Will Ferrell reveals the wild original Anchorman script

Anchorman is an iconic movie full of some of the funniest insults of all time, but it turns out that the film was almost very, very different. Star and co-writer Will Ferrell revealed in a recent interview on The Bill Simmons Podcast (via JoBlo) that the film initially had a very different, much more intense plot.

According to Ferrell, the first version of the movie was very similar to the 1993 movie Alive. Set in 1976, the first draft saw a group of newsmen from all over the country flying to a big convention. Ron Burgundy, in typical Ron Burgundy fashion, convinces the pilot that he knows how to fly a charter jet, but when the pilot lets him take over, he pretty much immediately crash-lands it in the middle of a remote mountaintop. 

The story, Ferrell says, then saw the group trying to survive and get home, eventually hailing down a cargo plane which ends up crashing near them as well. The plane was, of course, carrying boxes full of orangutans, who then stalk the group through the mountains. Luckily, though, there were also Chinese throwing stars on board, which the group then uses to kill the creatures one by one.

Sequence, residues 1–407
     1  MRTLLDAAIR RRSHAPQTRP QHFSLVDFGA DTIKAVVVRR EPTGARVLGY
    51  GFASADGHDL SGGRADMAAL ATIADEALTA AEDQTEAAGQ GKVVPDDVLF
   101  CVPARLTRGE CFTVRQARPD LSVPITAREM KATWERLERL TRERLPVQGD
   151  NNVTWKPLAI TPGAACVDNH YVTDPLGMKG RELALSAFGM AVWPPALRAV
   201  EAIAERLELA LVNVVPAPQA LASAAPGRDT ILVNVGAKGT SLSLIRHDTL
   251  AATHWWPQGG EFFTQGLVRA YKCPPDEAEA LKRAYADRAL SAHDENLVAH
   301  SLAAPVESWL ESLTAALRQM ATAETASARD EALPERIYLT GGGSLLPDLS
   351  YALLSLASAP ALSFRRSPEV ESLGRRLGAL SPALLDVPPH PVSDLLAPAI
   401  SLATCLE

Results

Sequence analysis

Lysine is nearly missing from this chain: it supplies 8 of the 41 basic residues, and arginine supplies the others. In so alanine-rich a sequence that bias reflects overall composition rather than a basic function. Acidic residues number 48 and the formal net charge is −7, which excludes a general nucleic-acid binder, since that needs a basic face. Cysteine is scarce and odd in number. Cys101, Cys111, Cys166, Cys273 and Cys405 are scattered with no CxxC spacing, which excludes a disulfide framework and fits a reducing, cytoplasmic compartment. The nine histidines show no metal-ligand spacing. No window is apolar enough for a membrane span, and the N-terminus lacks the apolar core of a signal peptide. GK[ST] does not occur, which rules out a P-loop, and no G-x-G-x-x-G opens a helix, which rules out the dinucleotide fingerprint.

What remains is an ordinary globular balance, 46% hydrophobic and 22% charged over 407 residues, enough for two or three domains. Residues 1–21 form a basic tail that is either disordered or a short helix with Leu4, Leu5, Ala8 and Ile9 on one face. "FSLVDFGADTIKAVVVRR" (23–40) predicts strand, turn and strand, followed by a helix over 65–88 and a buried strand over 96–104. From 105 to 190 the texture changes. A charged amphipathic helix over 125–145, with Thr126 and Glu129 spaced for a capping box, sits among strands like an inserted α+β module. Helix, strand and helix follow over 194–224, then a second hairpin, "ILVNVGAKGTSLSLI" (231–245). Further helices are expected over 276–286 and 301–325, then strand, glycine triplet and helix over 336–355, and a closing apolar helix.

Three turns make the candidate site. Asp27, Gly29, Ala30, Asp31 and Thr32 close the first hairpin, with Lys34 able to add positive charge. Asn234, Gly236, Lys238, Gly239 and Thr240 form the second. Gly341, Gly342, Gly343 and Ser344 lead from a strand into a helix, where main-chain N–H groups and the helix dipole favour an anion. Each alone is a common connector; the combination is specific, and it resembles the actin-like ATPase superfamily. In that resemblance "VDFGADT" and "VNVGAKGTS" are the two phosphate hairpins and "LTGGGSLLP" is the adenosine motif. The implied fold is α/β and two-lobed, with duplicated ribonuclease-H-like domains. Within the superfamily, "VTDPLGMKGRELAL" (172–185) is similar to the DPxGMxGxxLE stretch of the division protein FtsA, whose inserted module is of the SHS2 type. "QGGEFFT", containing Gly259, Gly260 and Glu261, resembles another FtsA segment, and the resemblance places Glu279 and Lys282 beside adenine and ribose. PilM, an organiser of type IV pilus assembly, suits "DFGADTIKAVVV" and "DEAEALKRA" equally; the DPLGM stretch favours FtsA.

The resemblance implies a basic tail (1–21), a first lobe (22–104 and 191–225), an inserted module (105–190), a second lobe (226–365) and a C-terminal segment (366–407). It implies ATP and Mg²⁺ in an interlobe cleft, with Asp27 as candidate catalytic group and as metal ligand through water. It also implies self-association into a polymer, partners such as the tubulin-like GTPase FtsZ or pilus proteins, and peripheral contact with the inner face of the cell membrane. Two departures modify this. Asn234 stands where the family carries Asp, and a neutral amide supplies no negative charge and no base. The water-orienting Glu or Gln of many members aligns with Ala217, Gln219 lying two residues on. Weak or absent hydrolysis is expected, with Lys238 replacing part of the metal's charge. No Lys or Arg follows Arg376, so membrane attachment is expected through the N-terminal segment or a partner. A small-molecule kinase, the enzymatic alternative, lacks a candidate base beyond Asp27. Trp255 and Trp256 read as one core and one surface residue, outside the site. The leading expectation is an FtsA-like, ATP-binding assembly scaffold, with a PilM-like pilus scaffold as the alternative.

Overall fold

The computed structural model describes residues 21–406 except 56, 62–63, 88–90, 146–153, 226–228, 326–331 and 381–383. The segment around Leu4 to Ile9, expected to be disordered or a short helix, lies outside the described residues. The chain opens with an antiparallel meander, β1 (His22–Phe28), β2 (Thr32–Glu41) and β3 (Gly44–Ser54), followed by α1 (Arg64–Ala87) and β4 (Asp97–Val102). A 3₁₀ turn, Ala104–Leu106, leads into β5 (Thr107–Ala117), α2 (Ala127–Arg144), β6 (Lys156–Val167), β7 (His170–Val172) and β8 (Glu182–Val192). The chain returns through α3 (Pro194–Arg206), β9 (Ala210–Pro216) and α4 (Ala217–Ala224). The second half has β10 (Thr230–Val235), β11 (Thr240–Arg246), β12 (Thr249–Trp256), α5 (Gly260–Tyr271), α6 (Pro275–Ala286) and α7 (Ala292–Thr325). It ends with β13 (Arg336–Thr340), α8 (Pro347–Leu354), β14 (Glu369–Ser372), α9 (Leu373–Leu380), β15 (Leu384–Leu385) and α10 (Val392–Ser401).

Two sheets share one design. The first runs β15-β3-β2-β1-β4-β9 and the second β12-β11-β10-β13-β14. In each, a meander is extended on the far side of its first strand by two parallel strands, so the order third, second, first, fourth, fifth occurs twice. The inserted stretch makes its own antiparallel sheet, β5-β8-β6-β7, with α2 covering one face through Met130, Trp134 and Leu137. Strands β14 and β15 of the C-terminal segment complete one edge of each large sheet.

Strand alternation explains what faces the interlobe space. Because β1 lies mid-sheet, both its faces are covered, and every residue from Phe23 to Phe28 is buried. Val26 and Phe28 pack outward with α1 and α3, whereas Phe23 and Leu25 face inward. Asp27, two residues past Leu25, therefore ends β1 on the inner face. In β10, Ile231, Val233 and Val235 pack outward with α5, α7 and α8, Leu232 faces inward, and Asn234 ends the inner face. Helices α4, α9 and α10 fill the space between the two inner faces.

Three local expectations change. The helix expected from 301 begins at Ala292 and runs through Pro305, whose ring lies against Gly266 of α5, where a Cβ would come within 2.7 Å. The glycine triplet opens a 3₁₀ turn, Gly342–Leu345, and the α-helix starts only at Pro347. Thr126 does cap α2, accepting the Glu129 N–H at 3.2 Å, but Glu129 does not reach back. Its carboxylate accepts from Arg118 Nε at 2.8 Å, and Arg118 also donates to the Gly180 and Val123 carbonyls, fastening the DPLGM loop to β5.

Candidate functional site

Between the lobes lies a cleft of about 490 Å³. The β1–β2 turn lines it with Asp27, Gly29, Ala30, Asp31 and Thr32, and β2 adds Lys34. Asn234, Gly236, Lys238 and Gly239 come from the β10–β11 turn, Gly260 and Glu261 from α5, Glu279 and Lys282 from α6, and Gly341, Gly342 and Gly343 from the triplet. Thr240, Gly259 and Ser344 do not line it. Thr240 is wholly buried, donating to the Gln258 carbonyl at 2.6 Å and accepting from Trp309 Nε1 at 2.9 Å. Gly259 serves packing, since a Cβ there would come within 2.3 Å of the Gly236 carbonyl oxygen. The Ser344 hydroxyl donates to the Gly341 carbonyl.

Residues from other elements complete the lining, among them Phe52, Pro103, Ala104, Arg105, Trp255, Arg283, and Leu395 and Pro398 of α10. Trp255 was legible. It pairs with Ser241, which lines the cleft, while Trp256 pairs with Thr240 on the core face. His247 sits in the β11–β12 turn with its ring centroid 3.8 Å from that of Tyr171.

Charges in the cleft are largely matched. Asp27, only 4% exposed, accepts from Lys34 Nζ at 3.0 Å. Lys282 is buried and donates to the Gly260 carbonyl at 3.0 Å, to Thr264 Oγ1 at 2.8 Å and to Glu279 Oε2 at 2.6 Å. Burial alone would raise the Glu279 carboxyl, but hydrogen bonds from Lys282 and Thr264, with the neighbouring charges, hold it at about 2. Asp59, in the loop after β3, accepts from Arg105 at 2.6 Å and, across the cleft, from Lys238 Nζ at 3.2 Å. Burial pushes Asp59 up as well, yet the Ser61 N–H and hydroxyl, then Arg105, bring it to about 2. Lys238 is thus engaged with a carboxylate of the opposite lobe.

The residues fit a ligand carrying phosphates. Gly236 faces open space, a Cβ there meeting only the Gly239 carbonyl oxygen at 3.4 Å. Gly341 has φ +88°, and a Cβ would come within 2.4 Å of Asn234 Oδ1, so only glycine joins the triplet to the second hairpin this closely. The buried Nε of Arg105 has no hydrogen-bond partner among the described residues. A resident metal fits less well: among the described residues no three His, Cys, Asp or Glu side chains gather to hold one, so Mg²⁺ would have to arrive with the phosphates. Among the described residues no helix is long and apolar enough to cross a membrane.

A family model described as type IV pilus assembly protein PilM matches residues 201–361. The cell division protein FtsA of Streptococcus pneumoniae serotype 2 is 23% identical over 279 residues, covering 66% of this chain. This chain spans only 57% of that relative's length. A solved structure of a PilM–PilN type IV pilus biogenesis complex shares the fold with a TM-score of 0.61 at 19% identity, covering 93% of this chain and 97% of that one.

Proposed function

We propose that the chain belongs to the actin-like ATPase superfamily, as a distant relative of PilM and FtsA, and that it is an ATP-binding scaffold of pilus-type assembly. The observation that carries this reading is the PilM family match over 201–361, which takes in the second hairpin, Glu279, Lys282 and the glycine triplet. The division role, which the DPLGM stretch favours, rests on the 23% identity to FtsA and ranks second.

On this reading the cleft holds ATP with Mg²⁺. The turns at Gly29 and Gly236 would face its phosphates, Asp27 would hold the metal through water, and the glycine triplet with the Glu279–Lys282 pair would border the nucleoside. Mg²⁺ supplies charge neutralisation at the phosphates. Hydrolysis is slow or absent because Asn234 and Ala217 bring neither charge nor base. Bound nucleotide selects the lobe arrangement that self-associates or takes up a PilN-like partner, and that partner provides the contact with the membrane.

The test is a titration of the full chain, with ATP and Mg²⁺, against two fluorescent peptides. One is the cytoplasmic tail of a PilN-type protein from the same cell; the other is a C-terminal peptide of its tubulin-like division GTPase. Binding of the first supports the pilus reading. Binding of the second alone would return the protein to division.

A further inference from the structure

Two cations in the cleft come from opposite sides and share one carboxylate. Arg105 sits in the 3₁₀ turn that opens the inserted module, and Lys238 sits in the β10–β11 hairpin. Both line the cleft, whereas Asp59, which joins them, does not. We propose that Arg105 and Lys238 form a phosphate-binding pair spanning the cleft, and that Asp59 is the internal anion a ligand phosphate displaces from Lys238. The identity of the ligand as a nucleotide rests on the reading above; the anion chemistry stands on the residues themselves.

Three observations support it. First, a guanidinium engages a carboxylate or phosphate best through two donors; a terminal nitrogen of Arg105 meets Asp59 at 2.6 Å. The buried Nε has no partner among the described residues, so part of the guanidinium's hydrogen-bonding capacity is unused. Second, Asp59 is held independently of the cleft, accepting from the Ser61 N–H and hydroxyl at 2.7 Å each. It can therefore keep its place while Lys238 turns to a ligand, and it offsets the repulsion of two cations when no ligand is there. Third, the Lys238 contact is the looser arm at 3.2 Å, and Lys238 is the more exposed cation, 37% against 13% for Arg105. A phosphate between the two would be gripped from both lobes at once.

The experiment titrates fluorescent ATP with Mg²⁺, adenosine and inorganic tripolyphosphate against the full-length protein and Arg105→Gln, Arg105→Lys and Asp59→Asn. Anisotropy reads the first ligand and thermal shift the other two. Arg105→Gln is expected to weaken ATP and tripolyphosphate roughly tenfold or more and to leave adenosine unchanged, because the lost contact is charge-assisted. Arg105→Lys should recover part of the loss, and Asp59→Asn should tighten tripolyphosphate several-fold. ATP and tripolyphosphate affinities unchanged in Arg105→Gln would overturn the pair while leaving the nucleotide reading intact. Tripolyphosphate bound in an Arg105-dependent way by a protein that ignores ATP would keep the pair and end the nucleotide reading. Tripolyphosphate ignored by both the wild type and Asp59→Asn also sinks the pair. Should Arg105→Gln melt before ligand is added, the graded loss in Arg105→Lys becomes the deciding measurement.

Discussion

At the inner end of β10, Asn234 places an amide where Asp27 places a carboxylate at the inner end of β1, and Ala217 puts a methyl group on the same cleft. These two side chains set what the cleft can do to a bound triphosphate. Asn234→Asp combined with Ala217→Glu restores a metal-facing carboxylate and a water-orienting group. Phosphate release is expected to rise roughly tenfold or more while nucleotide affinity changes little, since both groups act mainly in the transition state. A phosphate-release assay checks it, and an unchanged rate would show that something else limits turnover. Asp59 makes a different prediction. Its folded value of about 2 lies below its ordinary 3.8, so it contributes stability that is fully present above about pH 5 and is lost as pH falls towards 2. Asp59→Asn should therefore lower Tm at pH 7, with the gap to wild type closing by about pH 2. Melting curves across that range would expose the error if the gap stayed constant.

Some of the same characters still showed up in the original script, despite all of the differences. Ferrell says that, throughout it all, Veronica Corningstone was still around as the voice of reason. "Veronica Corningstone keeps saying things like, 'Guys, I know if we just head down we'll hit civilization,'" Ferrell said. "And we keep telling her, 'Wrong.' She doesn't know what we're talking about." 

The plot was a bit out there, though, and it ended up getting quite a few rejections, even at one point amassing 10 no's in one day. It was even too wild for Boogie Nights director Paul Thomas Anderson, who had offered to help Ferrell and co-writer Adam McKay get a movie made after guest-writing for a week on Saturday Night Live. In the end, though, Ferrell and McKay ended up re-working the script, and the rest, as they say, is history.